Division of Macarthur

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Macarthur
Australian House of Representatives Division
Division of Macarthur 2010.png
Division of Macarthur (green) in New South Wales
Created 1949
MP Russell Matheson
Party Liberal
Namesake John Macarthur and Elizabeth Macarthur
Electors 97,962 (2013)[1]
Area 798 km2 (308.1 sq mi)
Demographic Outer Metropolitan

The Division of Macarthur is an Australian electoral division in the state of New South Wales. The division is named after John Macarthur and his wife Elizabeth, who were both pioneers of Australia's wool industry. The main products and work in the electorate are in the fruit and vegetable production, lucerne and fodder crops, wine, dairy cattle and horse-breeding.

Located in outer south-west Sydney and covering 537 square kilometres (207 sq mi), the present boundaries of the division cover the southern suburbs of Campbelltown, all of the local government area of Camden and small parts of Wollondilly. The division covers areas east of the Nepean River between Liverpool and Penrith and south to Camden. It encompasses the suburbs of Airds, Ambarvale, Appin, Badgerys Creek, Bickley Vale, Bradbury, Camden, Camden South, Campbelltown, Cawdor, Cobbitty, Ellis Lane, Gilead, Glen Alpine, Grasmere, Greendale, Harrington Park, Kentlyn, Mount Annan, Narellan, Oran Park, Rosemeadow, Rossmore, St Helens Park, Wedderburn and Woodbine and parts of Bringelly, Catherine Field, Douglas Park, Leumeah, Razorback and Rossmore.

The current Member for Macarthur, since the 2010 federal election, is Russell Matheson, a member of the Liberal Party of Australia.

History[edit]

Macarthur has changed hands regularly over the years as redistributions have favoured different parties. Macarthur was a bellwether seat from the time of its establishment in 1949 until the 2007 election - during that 58-year period it was always held by a member of the governing party or coalition. Successive redistributions have shrunk the geographical size of the seat due to the rapid growth of the Campbelltown area. In the redistribution prior to the 2001 federal election, Southern Highlands towns such as Bowral and Moss Vale were removed, shrinking the area to one eighth of its original size and making it an entirely Sydney-based seat. This made the seat notionally Labor by 1.3%, from the previous 5.6% of the Liberals, prompting Liberal minister and former New South Wales premier John Fahey to retire. However, his replacement as Liberal candidate, Pat Farmer, achieved an 8.3% swing to retain the seat for the Liberals, and increased the margin from 7 to 9.5% at the 2004 election.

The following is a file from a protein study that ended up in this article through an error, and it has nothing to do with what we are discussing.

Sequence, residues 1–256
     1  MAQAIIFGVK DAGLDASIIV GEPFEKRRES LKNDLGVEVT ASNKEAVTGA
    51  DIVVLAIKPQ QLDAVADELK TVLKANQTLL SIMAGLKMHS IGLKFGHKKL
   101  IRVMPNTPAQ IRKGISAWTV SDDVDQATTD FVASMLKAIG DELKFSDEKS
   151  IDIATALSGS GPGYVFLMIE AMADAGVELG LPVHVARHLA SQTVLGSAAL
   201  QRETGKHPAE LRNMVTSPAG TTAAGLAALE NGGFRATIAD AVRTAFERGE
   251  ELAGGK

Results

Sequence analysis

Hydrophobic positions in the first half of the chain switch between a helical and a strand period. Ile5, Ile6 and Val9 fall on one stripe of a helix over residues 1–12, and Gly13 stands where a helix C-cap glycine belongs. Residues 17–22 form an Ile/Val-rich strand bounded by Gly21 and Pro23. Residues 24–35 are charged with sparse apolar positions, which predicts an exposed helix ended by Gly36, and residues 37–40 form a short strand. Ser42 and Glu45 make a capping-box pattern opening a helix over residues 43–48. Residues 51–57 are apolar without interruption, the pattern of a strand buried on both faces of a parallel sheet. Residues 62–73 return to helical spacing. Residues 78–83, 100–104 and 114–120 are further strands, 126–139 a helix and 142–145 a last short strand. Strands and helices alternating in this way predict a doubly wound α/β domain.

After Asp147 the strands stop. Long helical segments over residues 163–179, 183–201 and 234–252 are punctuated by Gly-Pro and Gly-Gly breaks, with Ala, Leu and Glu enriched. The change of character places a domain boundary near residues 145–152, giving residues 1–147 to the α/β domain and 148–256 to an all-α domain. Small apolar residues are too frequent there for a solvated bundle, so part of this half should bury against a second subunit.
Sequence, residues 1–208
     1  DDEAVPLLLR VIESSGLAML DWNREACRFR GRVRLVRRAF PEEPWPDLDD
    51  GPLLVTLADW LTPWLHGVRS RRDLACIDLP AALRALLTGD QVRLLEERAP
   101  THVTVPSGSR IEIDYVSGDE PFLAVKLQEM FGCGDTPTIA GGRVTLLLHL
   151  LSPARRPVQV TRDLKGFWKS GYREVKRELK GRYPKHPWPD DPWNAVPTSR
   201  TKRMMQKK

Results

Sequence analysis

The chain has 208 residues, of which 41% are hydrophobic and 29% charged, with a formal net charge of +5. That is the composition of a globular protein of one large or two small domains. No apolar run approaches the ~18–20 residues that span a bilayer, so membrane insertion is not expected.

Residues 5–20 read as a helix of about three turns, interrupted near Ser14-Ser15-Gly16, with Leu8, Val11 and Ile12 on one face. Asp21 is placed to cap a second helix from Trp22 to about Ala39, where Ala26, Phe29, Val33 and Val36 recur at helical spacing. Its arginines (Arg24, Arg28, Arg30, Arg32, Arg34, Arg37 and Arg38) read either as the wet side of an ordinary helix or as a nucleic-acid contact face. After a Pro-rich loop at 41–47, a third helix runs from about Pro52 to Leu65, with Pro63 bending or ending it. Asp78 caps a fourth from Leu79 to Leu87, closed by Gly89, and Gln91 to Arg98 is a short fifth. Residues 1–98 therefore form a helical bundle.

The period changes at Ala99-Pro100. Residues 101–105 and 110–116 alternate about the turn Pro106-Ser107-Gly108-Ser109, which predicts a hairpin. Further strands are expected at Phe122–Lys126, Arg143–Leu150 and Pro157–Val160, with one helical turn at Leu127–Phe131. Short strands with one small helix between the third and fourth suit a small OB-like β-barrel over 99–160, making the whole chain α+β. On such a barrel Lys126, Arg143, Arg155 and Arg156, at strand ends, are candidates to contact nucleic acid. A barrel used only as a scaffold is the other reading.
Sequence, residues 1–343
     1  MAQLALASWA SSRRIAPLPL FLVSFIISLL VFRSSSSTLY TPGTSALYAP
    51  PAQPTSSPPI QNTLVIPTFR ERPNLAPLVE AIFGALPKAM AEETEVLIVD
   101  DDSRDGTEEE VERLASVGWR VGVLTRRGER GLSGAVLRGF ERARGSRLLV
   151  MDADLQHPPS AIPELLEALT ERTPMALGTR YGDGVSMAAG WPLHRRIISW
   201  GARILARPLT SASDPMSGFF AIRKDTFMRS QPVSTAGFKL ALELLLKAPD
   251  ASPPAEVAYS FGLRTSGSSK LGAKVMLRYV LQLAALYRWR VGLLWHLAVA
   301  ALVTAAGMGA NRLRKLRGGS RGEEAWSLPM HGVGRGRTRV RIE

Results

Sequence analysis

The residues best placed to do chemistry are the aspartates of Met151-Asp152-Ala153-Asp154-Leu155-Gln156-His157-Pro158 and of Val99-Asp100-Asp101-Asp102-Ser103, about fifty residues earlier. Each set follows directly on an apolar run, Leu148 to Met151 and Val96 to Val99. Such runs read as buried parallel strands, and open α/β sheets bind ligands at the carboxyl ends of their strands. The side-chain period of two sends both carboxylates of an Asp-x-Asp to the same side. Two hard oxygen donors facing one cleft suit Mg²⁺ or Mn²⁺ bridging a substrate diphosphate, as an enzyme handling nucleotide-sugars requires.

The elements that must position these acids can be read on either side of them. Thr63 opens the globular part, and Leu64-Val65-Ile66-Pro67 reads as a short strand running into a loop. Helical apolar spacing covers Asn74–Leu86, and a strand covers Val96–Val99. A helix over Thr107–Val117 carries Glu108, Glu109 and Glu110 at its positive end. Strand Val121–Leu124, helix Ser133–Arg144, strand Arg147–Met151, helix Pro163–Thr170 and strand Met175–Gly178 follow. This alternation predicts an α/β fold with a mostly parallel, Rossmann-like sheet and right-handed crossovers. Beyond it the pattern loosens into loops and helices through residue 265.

Macarthur was made even safer for the Liberals ahead of the 2007 election, when a redistribution increased the Liberal majority to 11.1%. However, he was nearly defeated in the election, suffering a swing of 10.4%. The swing was spread evenly across the electorate, reflecting its solid mortgage belt character. The swing was particularly large in the heavily mortgaged suburbs of Narellan, Camden and the more Liberal-voting areas of Campbelltown. Farmer's margin was reduced to an extremely marginal 0.7%. Farmer retired in 2010 after a further redistribution made it notionally a Labor seat. However, Russell Matheson was able to retain the seat for the Liberals. Matheson gained a large swing in 2013, increasing the Liberal margin to 11.1 percent.

Demographics[edit]

While the electorate is predominantly outer-suburban, its contains some semi-rural areas such as Bringelly and Leppington. The population of the electorate is likely[according to whom?] to expand significantly over coming years due to the release of new land surrounding Sydney for residential development.[citation needed]

It is a mortgage belt area, with a high percentage of young families, leading to the proportion of residents under 18 being 35%, compared to the national average of 27.2%, with a low proportion of senior citizens (5.9% compared to 12.1%). This is further highlighted in the fact that 23.3% of the population is attending school, compared to the national average of 18.1%. The income is above average, with 19.7% of the families in the electorate earning less than A$500 per week, compared to 24.3% for the national average. The birth demographics of the electorate are similar to the rest of Australia, with the proportion of people born overseas and in non-English speaking countries within one percentage point of the national average.[citation needed]

Members[edit]

Member Party Term
  Jeff Bate Liberal 1949–1972
  Independent 1972–1972
  John Kerin Labor 1972–1975
  Michael Baume Liberal 1975–1983
  Colin Hollis Labor 1983–1984
  Stephen Martin Labor 1984–1993
  Chris Haviland Labor 1993–1996
  John Fahey Liberal 1996–2001
  Pat Farmer Liberal 2001–2010
  Russell Matheson Liberal 2010–present

Election results[edit]

Australian federal election, 2013: Macarthur[1]
Party Candidate Votes % ±%
Liberal Russell Matheson 46,185 54.33 +6.93
Labor Ian Fulton 26,039 30.63 −7.92
Palmer United Rob Grosche 4,916 5.78 +5.78
Greens Patrick Darley-Jones 3,929 4.62 −0.94
Christian Democrats Sarah Ramsay 2,189 2.58 +0.82
Katter's Australian Mick Williams 1,751 2.06 +2.06
Total formal votes 85,009 92.17 +0.28
Informal votes 7,225 7.83 −0.28
Turnout 92,234 94.15 −0.37
Two-party-preferred result
Liberal Russell Matheson 52,161 61.36 +8.34
Labor Ian Fulton 32,848 38.64 −8.34
Liberal hold Swing +8.34

References[edit]

  1. ^ a b "NSW Division - Macarthur, NSW". Virtual Tally Room, Election 2013. Australian Electoral Commission. 30 September 2013. Retrieved 6 November 2013. 

External links[edit]

Coordinates: 34°03′54″S 150°45′50″E / 34.065°S 150.764°E / -34.065; 150.764